At a recent leadership development training program, I asked a question I regularly ask:
Knowing what you know now, how many of your current employees would you re-employ?
Answer – about 60%.
This answer is consistent with previous groups I have trained, as well as general employment survey research. It means that poor employee selection decisions are regularly made.
Suitable candidates are not being found. About 40% of employees are not performing well or as expected. In some way, they cause their management a problem. It may be poor attitude or interpersonal problems. It may be they cannot perform their duties properly.
Are sound employee selection practices worth the effort?
In time management programs, I sometimes cite recruitment and selection as a good example of the ‘Pareto principle’ – 20% of the effort produces 80% of the results.
It is worth a little extra effort to make a good selection rather than an average one. Spending the time to make a good decision is a sound investment. It is time well spent.
Managing performance problems is a constant theme raised by training participants. Amongst other things, poor performance consumes management time. It diverts attention away from more productive matters.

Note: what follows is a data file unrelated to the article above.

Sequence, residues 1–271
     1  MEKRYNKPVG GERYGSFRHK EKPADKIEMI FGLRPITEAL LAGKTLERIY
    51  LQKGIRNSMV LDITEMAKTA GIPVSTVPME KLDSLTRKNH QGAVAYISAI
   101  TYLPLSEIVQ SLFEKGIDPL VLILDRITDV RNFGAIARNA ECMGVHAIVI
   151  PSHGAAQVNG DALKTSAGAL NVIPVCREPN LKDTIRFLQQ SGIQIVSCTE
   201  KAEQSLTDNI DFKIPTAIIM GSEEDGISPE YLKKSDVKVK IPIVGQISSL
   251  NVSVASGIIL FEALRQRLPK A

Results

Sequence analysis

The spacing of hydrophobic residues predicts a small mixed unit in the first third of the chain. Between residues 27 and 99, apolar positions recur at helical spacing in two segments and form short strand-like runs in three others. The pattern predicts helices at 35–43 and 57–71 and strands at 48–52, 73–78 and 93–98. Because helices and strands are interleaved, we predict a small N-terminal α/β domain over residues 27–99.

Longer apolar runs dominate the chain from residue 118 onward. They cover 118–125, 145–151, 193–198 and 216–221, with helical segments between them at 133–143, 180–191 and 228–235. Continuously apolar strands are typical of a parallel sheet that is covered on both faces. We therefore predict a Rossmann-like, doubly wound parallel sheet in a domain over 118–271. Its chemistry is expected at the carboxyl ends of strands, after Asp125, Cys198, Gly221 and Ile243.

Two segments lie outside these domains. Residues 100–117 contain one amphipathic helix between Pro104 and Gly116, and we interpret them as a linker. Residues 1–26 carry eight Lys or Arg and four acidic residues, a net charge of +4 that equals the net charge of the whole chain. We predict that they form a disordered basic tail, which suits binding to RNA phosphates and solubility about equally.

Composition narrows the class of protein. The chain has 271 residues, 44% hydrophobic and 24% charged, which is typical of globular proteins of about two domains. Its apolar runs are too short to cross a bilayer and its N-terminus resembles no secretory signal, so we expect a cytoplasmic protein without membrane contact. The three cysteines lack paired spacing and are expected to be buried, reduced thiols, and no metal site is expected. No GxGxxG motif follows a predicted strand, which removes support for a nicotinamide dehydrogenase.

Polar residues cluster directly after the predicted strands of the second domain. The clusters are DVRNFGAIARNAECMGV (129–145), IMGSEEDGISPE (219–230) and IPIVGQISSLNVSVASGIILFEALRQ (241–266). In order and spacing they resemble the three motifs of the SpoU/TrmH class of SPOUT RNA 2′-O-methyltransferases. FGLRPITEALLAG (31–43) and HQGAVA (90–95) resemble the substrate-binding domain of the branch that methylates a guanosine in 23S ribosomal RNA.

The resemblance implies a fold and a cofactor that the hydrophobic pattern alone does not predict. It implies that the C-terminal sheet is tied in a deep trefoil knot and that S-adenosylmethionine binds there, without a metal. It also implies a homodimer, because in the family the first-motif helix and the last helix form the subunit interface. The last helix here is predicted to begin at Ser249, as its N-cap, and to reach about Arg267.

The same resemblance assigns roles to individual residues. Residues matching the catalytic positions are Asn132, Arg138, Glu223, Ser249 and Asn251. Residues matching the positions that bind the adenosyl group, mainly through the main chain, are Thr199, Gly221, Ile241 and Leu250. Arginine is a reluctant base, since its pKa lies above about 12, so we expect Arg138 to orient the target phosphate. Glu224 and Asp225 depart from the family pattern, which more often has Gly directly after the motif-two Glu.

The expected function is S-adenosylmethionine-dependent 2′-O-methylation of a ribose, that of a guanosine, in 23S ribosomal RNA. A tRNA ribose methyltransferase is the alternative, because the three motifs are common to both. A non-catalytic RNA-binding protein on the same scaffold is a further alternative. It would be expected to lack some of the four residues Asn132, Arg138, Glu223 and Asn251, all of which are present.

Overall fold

Managing performance would not be a major issue if team leaders and managers exercised greater control in the recruitment and selection process.
Employee selection tips
The following tips may help:
- Establish clear requirements – what is expected of the position, what are the knowledge, skills and attitudes required to carry out the position responsibilities effectively?
- Probe the candidates in a variety of ways – ask them what they have done/would do in a variety of situations, test their knowledge, get them to demonstrate actual skills.
- Consider how they compliment the other team members – what different attitudes and approaches do they bring?
- Make sure you are fully satisfied – a partially suitable candidate will only cause problems in the long run.
I apologise for listing such ‘basic’ tips. On the face of it, these tips seem relatively straightforward. However, doing them correctly is not easy.
For example, thinking about appropriate and non-standard interview questions requires some time.
Most candidates should have a coherent answer to:
What are your strongest points?
What are your weaknesses?
Behavioural questions are more helpful:
What would you do if …………?
How have you approached ……….before?
Interviews are not the only thing to rely on – there are other selection techniques as well (see related article below).
Summary and conclusion
The number of times I talk to managers and team leaders about performance problems, and discover that the problems existed from the very start, prompts me to re-inforce the basics.
Remember, team leaders and managers consistently rate their own performance (or their organisations) at only a 60% employment success rate.
Successful employment practices rely on getting the basics right. It takes a little extra effort and some extra time, but that effort is well rewarded. An efficient and effective employee saves time and contributes positively to organisational success.
A poor employment selection only brings problems and stress – even if the person leaves smoothly.